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Women’s Refugee Commission Stands for Protection of Detained Immigrants

Washington, DC – A New York Times articlearticle this morning detailed that Immigration and Customs Enforcement (ICE) is planning to roll back existing detention standards that govern the treatment and conditions of immigrants in ICE custody. Instead, the article reports, ICE plans to use a basic 18-page checklist currently used by the U.S. Marshals Service to evaluate ICE facilities. The article also notes that the agency is planning to eliminate the Office of Detention Policy and Planning, which has served to develop and improve existing standards across the immigration detention system.

The Women’s Refugee Commission (WRC) is deeply concerned by this planned rollback of what are fundamental basic protections for immigrants in ICE custody. Conditions and oversight in ICE facilities have been notoriously inadequate, but existing standards, particularly the most recent 2008 and 2011 standards, provided more specific guidance relating to meeting basic human needs of detained immigrants. The 2011 standards were the first to more concretely address women’s health needs, one of many areas of immigration detention that had long fallen short and where gaps resulted in trauma and harm to countless detained women. The U.S. Marshals checklist included in the Times article provides little clarity and guidance relating to detention conditions, and makes virtually no reference to the specific needs of women and other especially vulnerable populations.

Today’s news is particularly concerning in light of plans detailed in an internal Department of Homeland Security (DHS) memo reported by the Washington Post yesterday that the agency has identified 21,000 new detention spaces across 27 facilities for potential future contracting.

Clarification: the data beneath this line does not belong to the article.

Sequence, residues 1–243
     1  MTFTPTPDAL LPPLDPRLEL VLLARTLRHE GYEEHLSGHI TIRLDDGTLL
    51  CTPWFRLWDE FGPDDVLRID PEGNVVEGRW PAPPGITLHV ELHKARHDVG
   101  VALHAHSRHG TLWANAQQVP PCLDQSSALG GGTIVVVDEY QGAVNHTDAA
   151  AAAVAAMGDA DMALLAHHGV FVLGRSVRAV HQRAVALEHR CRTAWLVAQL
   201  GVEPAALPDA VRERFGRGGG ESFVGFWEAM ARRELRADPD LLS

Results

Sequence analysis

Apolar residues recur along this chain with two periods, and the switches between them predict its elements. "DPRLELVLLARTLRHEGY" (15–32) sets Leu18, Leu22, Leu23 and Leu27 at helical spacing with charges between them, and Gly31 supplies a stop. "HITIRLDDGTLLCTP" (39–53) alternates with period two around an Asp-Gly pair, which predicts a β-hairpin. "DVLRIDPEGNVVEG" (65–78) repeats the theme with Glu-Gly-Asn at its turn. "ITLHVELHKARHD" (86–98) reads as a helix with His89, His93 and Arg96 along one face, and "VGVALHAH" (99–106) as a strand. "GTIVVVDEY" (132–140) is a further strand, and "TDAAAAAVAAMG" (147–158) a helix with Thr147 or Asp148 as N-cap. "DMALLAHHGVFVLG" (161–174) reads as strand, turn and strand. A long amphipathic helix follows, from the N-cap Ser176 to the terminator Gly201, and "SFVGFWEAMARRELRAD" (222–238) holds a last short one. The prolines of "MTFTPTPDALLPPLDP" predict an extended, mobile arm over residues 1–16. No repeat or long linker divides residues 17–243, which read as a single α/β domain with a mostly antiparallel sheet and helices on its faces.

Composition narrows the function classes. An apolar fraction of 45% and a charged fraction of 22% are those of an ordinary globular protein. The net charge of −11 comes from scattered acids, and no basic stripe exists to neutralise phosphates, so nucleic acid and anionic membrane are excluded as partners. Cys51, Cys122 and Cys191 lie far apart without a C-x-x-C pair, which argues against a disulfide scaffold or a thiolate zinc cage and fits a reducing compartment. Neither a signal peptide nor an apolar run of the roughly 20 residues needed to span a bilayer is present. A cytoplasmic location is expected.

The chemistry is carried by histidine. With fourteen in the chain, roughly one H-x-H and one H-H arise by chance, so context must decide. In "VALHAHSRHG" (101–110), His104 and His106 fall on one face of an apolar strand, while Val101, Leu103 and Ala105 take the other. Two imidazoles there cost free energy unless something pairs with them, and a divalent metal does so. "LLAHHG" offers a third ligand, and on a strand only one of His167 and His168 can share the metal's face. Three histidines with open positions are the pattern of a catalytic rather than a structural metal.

According to Katharina Obser, Senior Program Officer at the Women’s Refugee Commission:

“It’s alarming that DHS is not only planning to expand detention at such an unprecedented rate, but also plans to do so with virtually no meaningful standards in place. Women’s Refugee Commission has for years documented conditions inside detention facilities across the country, largely finding gaps in the care and custody of detained immigrants. We’ve spoken to countless women who’ve expressed despair over the conditions of their confinement, including inadequate basic medical and mental health care for women who are pregnant or survivors of trauma, and who face countless obstacles to meeting with an attorney. To effectively eliminate current detention standards will leave detained immigrants even more vulnerable to serious harm. Moreover, such a move makes no sense when DHS has always had cost-efficient and effective alternatives to detention programs for individuals the agency finds pose a serious flight risk.”


For more information contact:Tessa Wiseman, tessa@newpartners.comkatharinao@wrcommission.org

Also see WRC’s 10 Things to Know About How Trump’s Executive Order Will Harm Women and Children Seeking Protection here